The accord leaves unresolved the issue of whether the widespread human rights violations that have taken place since the coup will be investigated and prosecuted, only vaguely rejecting an amnesty for "political crimes" and calling for the establishment of a truth commission. More than a dozen Zelaya supporters have been executed over the last four months. Security forces have illegally detained nearly 10,000 people; police and soldiers have beaten protesters and gang-raped women. And the very idea of a negotiated solution to the crisis grants legitimacy to those provoked it.

 

Still, if Zelaya were to be restored to the presidency, even just symbolically, to preside over the November elections and supervise a transfer of power to its winner, it would represent a significant victory for progressive forces in the hemisphere. Here’s why:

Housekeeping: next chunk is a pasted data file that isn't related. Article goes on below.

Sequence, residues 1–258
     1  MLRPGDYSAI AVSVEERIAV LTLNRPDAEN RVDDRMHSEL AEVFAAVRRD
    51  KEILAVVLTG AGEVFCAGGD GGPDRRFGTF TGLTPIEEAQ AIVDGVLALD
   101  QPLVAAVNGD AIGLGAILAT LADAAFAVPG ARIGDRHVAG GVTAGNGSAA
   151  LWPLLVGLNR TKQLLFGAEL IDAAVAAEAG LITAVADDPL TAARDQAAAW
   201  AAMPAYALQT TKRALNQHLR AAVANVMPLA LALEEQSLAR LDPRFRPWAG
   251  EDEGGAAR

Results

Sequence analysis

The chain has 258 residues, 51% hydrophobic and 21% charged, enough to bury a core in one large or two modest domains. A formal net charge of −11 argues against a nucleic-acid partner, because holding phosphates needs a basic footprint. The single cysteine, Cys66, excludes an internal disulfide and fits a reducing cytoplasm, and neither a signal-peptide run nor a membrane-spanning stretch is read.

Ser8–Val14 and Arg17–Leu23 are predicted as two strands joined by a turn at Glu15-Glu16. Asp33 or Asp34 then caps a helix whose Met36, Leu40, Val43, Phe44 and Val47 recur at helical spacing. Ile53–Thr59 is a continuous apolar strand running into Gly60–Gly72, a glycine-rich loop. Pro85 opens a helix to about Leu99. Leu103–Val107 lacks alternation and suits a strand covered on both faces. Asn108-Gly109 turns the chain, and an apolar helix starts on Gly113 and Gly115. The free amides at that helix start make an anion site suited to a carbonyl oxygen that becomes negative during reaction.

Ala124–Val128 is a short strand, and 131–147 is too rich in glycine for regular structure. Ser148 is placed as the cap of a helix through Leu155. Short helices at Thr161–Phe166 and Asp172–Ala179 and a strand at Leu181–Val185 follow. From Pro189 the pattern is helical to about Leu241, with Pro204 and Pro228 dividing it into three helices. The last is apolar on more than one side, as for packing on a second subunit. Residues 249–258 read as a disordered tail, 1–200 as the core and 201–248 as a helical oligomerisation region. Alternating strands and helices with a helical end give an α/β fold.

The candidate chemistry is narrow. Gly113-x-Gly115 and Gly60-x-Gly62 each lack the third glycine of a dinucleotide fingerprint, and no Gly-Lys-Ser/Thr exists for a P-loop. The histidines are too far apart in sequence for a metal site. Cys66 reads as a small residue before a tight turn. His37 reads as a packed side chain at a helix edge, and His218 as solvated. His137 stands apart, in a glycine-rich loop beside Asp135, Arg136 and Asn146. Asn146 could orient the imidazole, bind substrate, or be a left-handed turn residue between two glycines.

1. The attempt by Micheletti and his backers–both in and out of Honduras–to justify the overthrow of Zelaya by claiming it was a constitutional transfer of power will have definitively failed. If this justification was allowed to go unchallenged, it would have set a dangerous precedent for the rest of Latin America.

 

2. Efforts to rally support for the coup under the banner of anti-leftism, or anti-Chavismo–much the way anti-communism served to unite conservatives during the Cold War–will likewise have failed.

 

3. It will confirm the political influence–and unity–of Latin America’s progressive governments, particularly Brazil and Venezuela, which have taken the lead in demanding that the coup not stand–a position that aligned them with much of the rest of the world.

 

4. It will be an important push back for Republicans like South Carolina Senator Jim DeMint and Otto Reich, who tried to use the crisis to push for a more hardline US policy against the left in Latin America. It is DeMint who has put the hold on Shannon’s confirmation, as well as on the confirmation of Arturo Valenzuela, Obama’s pick for Assistant Secretary of State for Western Hemisphere Affairs.